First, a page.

Daniela Rus at the Massachusetts Institute of Technology's (MIT) Computer Science and Artificial Intelligence Laboratory (CSAIL) has led the development of bendable, stretchable robot fingers that can lift and handle delicate objects.
The silicone rubber digits do not need specific commands for grasping various objects, but instead expand to accommodate an item and grasp radially.
The three fingers in the robotic hand each have special "bend sensors," which estimate the size and shape of the object with sufficient accuracy to identify it from a list. The sensors feed the robot data on the location and curvature of the grasped object so the system can pick up an unfamiliar object and compare it to already extant clusters of data points from past items.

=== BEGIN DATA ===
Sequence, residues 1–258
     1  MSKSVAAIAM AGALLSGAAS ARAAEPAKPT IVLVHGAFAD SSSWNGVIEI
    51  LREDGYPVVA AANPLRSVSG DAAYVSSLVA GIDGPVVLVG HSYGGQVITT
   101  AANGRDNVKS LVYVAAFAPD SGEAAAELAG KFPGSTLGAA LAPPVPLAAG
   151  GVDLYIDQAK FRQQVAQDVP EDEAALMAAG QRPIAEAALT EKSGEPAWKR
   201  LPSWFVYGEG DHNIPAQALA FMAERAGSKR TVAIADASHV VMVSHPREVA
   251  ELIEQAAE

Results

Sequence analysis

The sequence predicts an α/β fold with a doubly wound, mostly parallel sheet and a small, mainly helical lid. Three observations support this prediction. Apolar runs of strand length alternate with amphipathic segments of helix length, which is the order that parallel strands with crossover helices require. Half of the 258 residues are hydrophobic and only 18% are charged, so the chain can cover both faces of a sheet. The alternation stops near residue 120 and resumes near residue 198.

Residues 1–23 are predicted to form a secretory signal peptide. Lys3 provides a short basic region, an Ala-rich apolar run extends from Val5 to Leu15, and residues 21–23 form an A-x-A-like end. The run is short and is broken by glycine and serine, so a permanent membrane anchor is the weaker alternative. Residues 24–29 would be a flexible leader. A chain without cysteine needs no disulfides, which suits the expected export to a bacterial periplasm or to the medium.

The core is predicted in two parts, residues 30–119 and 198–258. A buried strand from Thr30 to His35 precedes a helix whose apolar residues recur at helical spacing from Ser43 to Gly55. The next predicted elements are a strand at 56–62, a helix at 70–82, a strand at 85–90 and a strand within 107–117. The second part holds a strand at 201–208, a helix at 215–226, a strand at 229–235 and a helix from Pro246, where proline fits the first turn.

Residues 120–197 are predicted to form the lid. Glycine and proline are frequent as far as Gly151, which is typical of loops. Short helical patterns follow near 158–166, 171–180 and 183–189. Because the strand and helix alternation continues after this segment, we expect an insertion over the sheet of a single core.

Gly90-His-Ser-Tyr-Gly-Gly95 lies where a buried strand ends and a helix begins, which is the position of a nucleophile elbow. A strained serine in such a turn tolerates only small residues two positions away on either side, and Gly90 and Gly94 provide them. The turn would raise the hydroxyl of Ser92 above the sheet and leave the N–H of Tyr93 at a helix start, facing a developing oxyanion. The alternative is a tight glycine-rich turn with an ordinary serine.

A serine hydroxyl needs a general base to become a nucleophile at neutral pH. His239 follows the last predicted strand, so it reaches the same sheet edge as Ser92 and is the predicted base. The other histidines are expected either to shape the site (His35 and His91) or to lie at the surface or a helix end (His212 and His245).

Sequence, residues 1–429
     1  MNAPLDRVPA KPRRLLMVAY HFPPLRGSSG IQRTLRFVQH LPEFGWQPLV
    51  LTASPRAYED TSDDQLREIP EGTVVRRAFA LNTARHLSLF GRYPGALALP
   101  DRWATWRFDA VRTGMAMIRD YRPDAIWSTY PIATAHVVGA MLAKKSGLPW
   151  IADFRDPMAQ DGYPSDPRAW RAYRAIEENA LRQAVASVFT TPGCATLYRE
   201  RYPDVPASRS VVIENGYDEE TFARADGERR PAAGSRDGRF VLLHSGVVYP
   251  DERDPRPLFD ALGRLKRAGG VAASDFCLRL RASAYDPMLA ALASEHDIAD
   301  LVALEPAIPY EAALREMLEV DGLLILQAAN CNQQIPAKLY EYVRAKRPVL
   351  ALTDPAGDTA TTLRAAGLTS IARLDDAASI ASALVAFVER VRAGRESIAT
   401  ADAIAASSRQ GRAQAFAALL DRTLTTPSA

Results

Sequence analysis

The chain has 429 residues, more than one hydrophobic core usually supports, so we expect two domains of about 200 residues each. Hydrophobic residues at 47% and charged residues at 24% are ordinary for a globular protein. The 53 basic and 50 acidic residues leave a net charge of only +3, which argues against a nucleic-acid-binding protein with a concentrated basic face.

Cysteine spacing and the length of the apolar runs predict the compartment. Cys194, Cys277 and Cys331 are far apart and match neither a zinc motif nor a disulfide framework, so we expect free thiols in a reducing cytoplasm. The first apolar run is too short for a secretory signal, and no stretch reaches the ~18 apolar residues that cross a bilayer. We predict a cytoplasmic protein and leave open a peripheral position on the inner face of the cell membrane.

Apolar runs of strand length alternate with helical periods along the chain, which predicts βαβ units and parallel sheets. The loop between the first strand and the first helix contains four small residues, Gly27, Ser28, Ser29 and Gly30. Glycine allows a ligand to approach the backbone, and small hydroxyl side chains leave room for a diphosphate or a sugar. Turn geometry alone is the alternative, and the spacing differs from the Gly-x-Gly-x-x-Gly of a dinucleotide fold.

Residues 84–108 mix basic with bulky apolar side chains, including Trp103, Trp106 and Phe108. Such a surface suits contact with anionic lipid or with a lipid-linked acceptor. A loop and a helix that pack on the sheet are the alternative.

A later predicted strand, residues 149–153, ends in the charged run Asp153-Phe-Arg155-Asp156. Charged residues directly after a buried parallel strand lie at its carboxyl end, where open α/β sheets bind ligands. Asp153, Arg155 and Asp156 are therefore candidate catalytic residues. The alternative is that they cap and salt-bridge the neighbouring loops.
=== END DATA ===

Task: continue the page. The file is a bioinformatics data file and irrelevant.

The robot is currently able to obtain three data points from a single grasp, enabling its algorithms to distinguish between similarly-sized objects. The robotic hand also can hold an object by the tips of its fingers or envelop it completely.
The CSAIL researchers say further sensor innovation should eventually enable the system to differentiate between dozens of various objects.
Rus' Distributed Robotics Lab is developing a second-generation four-fingered hand that incorporates both resistance and force sensors so they can change their value based on the latter's compaction.
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